Speaker 2:

Kai, what is your renewable energy fraction? What percentage of energy is coming from solar, pv or from other renewable sources in your systems? What fraction is coming from diesel generation? Let me explain this quickly where this question is coming from. You said that you have 100% utilization rate in your larger systems and you have rainy seasons. You've got off rainy seasons. You have demand development over time, over years. There will probably also be seasonal patterns in consumption and all of that somehow needs to be buffered by the diesel generators. If you don't have any surplus electricity, any stranded electricity, then you probably have a relatively high portion of diesel electricity that is being injected into the distribution network, isn't it?

Speaker 3:

Yes, so we have a commitment to a 75% renewable energy fraction over the lifetime of our sites. And as they start and as we're ramping up and adding new connections and getting closer to that 100% utilization, we're more or less 100% solar or renewable sources at that point. But as we get closer to that 100%, you see the increase of diesel. And so for right now, in our flagship project, currently the renewable energy fraction over the project lifetime is still over 75% renewable, but it's actually below 70% right now because we've had to draw on more diesel.

Speaker 3:

That said, we're inactive conversations with a hydro business nearby to do an interconnection to displace all of our diesel from our GOMA site using hydro. So hopefully it will be 100% renewable again. But yes, that is definitely a challenge. And so, thinking about, kind of over the long term, what does that look like? Well, we're planning to add a second 3.7 megawatt site, building on our 1.3 megawatts in GOMA and do an interconnection between those two sites to kind of, again over the long term, ensure that we have that 75% renewable energy fraction achieved.

Speaker 2:

Can you tell me how stranded electricity is related to this other term that well drives the mini-grid sector, which is demand risk, and how dangerous demand risk is for a mini-grid company?

Speaker 3:

Yeah, demand risk is significant, because we need to have the demand in order to achieve 100% utilization as quickly as possible, because that ensures that your project is bankable and it means that you're able to generate the revenues you need to maintain and operate your business, but also allow for expansion efforts and replacement costs. And so, yeah, managing demand is a significant challenge.

Speaker 2:

All right, eric, I know that you have got a solution to monetize stranded electricity. What does that look like?

Speaker 5:

Hey guys, yeah, so thanks a lot for having me on, nico, and actually it's fascinating listening to what Kyle was talking about with Nuru, because I've known about Nuru since I think about 2015 or 2016. To have somebody with that much experience in mini-grid is great, because I'm new to the energy sector. I'm very much more experienced in the data and the connectivity side of the internet, so, anyway, yeah, so what we do at Gridless is really we work with these small energy producers that often run their own mini-grids in these rural communities, and what we do is we look for the ones who have stranded or wasted energy and we soak it up with a small data center put on site. Now, our data centers are a little different in that they Bitcoin mining data centers, which means that the computers are very specialized for just doing Bitcoin mining. What does that mean? There's a network of computers around the world that verify every new transaction on the network, and it's also where a new Bitcoin is generated, and so that's how new Bitcoin enters the world, by paying it out to us. So that's how we earn. Every 10 minutes, a new block is formed and is released as an award to Bitcoin miners around the world. That's how we monetize our business. That's our incentive for existing.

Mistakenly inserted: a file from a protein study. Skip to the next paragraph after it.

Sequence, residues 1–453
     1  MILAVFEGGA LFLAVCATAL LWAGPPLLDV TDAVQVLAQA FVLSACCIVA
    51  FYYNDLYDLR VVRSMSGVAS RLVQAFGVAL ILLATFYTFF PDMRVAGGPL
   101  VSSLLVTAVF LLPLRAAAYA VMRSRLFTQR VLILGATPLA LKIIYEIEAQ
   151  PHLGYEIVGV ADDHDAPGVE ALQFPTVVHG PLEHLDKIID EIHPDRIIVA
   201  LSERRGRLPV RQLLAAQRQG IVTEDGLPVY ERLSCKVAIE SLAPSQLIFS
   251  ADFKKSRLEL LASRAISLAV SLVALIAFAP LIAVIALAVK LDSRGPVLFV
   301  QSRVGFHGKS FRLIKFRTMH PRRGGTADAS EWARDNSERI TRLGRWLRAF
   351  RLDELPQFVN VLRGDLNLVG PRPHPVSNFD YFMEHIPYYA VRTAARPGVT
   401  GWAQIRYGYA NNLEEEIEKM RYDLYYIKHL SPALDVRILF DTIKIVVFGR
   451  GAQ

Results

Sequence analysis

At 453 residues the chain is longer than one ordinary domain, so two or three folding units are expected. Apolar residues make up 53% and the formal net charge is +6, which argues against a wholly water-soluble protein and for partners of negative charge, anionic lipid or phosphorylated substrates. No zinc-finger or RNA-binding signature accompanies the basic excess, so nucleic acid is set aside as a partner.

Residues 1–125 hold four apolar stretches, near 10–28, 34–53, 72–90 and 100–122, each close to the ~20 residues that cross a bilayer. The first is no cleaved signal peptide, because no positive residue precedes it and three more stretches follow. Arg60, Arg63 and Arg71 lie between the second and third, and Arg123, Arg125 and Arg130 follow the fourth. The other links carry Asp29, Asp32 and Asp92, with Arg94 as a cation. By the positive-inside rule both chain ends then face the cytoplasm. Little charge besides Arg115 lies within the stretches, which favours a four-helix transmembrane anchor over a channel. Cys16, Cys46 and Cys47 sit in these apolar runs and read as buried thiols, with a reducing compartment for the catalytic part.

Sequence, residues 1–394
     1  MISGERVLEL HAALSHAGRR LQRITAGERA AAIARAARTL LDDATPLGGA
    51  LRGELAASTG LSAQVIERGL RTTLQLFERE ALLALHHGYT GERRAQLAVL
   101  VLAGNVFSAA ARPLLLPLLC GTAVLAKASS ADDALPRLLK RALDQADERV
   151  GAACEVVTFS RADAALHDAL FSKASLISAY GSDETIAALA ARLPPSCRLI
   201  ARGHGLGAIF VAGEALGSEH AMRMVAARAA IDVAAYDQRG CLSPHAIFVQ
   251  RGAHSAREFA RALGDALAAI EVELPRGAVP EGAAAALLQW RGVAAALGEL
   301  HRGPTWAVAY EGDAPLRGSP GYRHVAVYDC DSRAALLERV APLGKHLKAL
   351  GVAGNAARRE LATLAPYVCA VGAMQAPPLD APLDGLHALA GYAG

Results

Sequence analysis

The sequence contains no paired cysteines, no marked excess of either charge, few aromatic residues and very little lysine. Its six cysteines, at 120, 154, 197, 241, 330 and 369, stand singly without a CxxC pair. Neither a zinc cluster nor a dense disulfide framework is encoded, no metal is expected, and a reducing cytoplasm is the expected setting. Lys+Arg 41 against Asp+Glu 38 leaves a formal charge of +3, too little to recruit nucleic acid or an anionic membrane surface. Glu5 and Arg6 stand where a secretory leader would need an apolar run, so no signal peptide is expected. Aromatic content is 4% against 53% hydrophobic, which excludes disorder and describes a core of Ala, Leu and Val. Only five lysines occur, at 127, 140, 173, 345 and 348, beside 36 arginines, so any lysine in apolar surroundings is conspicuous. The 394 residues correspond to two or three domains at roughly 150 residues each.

Speaker 5:

Now, bitcoin mining takes up a fair amount of energy. Each computer takes somewhere around three kilowatts, so that means it's fairly heavy. But that's exactly what we need in Africa, where we have small energy producers who need anchor tenants. We work with them to figure out if it's a new site, how much excess energy they'll have. Oftentimes in the beginning there's not going to have 100% usage.

Speaker 5:

I think Neurome might be a little unique in that, compared to a lot of the other organizations we speak with, who often have only 25 to 40% usage in the beginning, and then we come along and soak up the rest of that. Now that usage for them does include you could be a tea factory or a mobile phone tower as well as the community usage. But then we come in and take up the excess and then, as that community has surges in need throughout the day and evening cycles, we reduce the amount of computers that we have turned on so we can turn them on and off within seconds, and that allows us to be very responsive to their needs on their network. But yeah, that's what we do with Bitcoin miners and renewable energy mini grids in Africa.

Speaker 2:

Good Nice concept Stranded electricity does not only occur in solar mini grids, but especially also in hydro mini grids. Can you explain what the big advantage of hydro over solar is regarding Bitcoin mining?

Speaker 5: